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Are you engaging your students?

I stumbled across this video today while surfing through youtube on a completely unrelated topic and what a gem it proved to be. This is the kind of thing that motivates me to continue to research and introduce teaching technologies into my classes. If you disagree with the message in this video or not feel a level of excitement in watching the wonderful things mentioned, then I dare say that your students are beginning to slip away from your grasps and unless you embrace these technologies in your classes, then this gap is only likely to increase .

After my second viewing one of the clear highlights of the video was from a high school student who said ” We have learned to Play School. We study the right facts the night before the test so we achieve a passing grade and thus become a successful student”. How true this statement is, I went through school with the same mentality only truly aiming to learn when the content was delivered in a meaningful, engaging and inspiring way. Flash forward 5 years and this becomes even more noticebale, students are simply not engaged via the traditional methods.

Teachers need to realise the potential of these technologies to improve their practice and delivery, to make it easier to organise and communicate and to ENGAGE all their students, no matter what the subject is.  The skeptics may argue that todays students are starting to rely too much on technology, which is a fair call, but isnt writing and the alphabet a form of technology?  Of course it is, and how much do we rely on the alphabet? I cant even begin to imagine life without it, yet no one seems to say anything about our realiance on it being a problem. Thats because its not, and nor is our reliance on ICT based technologies. Its called progression and too many teachers, mostly the ones who have the leadership roles at schools and the power to infect change, seem to be holding onto the past and shooting down those who choose to embrace the future.

I also find it funny that teachers will boast about being computer illiterate, thinking that it will absolve them of any responsibility for not including technology in their classes. I bet these same people would not admit being unable to read or write, but as we move into the future being computer illiterate will also become shameful and embarassing. To put it simply future schools will not employ those who dont use technology in their classes and even if they do, the students wont listen.

Finally I love how this video finishes off…”If your not using technology to teach, then you should! But then again, you already knew that… and your students did too!” So True…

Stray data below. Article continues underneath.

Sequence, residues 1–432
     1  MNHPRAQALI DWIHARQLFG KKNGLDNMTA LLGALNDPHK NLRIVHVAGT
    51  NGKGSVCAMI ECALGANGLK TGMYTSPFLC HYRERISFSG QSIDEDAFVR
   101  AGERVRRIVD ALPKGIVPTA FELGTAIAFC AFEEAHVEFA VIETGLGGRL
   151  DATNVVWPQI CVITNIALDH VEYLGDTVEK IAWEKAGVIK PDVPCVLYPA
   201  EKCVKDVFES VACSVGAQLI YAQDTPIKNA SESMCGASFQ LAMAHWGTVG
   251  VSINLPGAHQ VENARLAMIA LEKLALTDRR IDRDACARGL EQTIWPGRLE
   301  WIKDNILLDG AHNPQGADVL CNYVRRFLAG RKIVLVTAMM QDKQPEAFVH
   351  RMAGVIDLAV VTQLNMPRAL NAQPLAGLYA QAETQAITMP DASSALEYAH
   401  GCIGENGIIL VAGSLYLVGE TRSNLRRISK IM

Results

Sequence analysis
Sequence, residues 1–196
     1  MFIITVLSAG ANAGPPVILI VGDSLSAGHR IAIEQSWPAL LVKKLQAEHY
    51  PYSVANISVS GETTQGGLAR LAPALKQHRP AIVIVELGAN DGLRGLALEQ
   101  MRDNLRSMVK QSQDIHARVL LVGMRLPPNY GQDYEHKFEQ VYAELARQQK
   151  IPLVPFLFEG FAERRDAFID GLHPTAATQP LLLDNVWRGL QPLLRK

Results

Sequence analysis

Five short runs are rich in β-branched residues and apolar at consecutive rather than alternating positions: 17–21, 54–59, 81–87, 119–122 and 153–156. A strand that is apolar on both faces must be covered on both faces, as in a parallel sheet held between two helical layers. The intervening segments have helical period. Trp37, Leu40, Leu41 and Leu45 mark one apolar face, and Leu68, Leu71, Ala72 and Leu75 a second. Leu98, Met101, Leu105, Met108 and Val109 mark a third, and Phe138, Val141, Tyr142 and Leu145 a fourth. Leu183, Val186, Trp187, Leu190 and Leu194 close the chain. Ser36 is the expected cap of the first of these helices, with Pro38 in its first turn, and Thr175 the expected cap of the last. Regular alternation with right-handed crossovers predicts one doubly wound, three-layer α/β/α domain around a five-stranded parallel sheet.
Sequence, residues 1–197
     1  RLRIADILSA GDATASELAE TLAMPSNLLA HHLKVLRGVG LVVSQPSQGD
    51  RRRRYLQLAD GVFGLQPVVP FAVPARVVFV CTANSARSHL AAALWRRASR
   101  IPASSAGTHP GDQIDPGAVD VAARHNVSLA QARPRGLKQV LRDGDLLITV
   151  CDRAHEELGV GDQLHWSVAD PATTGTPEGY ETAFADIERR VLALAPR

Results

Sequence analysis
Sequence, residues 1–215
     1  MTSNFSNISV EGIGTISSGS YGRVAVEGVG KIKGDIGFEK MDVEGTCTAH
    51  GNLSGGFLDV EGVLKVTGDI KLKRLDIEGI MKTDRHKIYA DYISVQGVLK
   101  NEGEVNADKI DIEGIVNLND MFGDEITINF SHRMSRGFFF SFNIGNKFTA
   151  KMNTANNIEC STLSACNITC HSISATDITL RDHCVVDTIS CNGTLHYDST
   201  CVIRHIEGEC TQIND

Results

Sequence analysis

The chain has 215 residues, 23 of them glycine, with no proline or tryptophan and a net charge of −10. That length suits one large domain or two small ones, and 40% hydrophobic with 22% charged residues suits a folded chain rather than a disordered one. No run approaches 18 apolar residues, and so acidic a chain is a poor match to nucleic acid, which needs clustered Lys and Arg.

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4 Responses

  1. Similar topic to my thoughts tonight. It’s scarey isn’t how well we’ve all gotten at “playing school.” That vid is a great one to start people thinking about that issue.

    One of the scariest things for me when I talk to colleagues about ICT integration – not those who boast about their lack of skills (those I know how to help) it’s the ones who think that all it takes is a data projector and a PowerPoint (usually done purely with text).

    We need to remember too that a heavily ICT loaded classroom doesn’t automatically engage all students, just like a “traditional” room doesn’t. Isn’t it more about HOW we teach?

  2. I agree that computer literacy and having ICT in the room doesn’t make for good education any more than a shed full of tools necessarily translates to having a fully maintained house. It’s all about how the tools are used and what they are used for. But at the same time I really think that mrrobbo is right that boasting of ICT illiteracy

  3. … continued… is inane. you would not hear that in other professions. Imagine a doctor boasting that s/he is not up to date with the latest medical technology – he’d rather just use a scalpel! – or a builder joking that s/he has never learned how to use a nail gun… and so just uses a hammer!

    So while the tools alone don’t make a teacher a good teacher, any more than a nail gun won’t make someone a good builder… you could argue that a teacher who refuses to use the best tools available is not a good teacher.

  4. Say It Ain’t So Joe! Thanks for making me look at an issue that teachers sometimes don’t want to admit. Not everyone shares a commitment to the craft and moving into the 21st century.

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